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(Photo by Dave Raphael)

We are total nerds and are lucky enough to get to do this for a living, so we basically meet at 10 in the morning at the rehearsal room and nerd out untill 2 or 3 in the afternoon. We play, we write, we record, but mostly we drink coffee and talk. it’s a good life! And we are conditioned to it, so i do feel outta shape when we don’t work for a while, for sure. It is a part of who we are to play a lot, and losing ourselves in the music is our most favourite thing to do. so we do as often as we can for as long as we can!

Motorpsycho Legend II: Was “Vortex Surfer” really played for 24 hours on a Norwegian radio station on December 31st, 1999? How did you feel about that?!

Yes, it was. It was weird, but at the same time better than the alternative (”The Final Countdown” by Europe?), an honor, and a nod of recognition from the straight world. Not terribly important, but nice.

Do you get nostalgic over certain songs? Is “Vortex Surfer” one of them? Others?

Nope. Not at all. They are either done, finished and dead (and not played anymore) , or living entities with an emotional contents that still resonates and makes them worth playing. But no nostalgia at all. We are still in the middle of all of this, and are not able to look back at specific albums or songs the way fans do. We might get nostalgic when it’s all over and done, but not before. No time. Or need to.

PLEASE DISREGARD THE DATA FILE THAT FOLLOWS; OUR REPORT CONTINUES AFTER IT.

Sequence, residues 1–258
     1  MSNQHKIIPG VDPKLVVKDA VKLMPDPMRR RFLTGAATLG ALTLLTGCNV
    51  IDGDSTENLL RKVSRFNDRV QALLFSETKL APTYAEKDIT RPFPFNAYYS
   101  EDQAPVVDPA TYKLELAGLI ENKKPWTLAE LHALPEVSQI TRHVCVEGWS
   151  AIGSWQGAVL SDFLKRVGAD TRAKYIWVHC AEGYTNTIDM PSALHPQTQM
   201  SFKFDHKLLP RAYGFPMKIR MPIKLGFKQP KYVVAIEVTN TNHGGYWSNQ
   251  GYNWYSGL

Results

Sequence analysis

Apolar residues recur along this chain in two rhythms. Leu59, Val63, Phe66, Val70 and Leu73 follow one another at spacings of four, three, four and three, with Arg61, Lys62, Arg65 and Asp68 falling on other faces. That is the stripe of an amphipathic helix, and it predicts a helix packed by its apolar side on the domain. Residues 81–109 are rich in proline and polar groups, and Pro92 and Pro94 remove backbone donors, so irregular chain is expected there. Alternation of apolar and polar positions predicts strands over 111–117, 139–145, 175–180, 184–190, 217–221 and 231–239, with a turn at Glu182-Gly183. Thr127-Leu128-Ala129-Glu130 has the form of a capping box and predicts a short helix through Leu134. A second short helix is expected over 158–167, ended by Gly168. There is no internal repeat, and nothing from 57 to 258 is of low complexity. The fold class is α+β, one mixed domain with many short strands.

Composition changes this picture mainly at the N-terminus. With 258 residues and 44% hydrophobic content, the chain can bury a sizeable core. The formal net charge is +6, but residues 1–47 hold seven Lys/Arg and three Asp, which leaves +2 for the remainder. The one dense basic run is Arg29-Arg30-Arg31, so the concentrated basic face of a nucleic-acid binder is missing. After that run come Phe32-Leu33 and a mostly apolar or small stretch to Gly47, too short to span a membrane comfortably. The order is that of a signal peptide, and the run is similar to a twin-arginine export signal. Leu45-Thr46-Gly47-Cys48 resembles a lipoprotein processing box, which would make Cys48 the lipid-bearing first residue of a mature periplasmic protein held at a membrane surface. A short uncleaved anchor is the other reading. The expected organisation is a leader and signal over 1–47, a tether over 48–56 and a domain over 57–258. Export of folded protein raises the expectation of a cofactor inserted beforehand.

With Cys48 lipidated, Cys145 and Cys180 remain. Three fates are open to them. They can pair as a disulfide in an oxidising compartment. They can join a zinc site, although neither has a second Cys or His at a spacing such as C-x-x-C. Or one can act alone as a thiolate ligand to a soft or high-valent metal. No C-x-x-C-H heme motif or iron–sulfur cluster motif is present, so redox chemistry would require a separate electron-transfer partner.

How do you feel about (being nominated for and then) winning prizes and awards in general?

Usually surprised more than anything! Honored, kinda, often… What a lot of people don’t understand is that in our world there are no prizes at the end of the race or …whatever metaphors you choose: there is no finish line to compete for, so all awards or prizes just feel kinda weird. You can’t sensibly compete in music as if it was a sport - that’s what’s so great about it! - and so prizes and all that just don’t feel like they belong in the context. it’s just the straight world’s attempt at being nice to something they don’t understand. like some old aunt giving you matchbox cars when you’re too old for them or something, you know? But we do appreciate their attempt at trying to be nice, honestly, even of we giggle at the ineptitude and lack of understanding at the same time! Surprised, and a little confused.

Second big topic: Eclecticism. Do you consider yourself an eclectic band? Or do you disregard such ideas because they imply that you want to write records with several genres on them?!

We have no game plan as far as musical styles go - we basically just potter on in our shed, and sometimes it comes out like this and sometimes like that. The point is that we are most inspired by stuff we haven’t quite understood or done yet, so we always go for the stuff that feels freshest and newest and most inspiring. I guess this leads to a certain natural eclecticism, since we like good music from any genre and have no prejudices to any kind of music. We have preferences of course, but are open and hopeful that anything new and unconquered will enrich our lives and make us feel good! And if we do, our music benefits from it.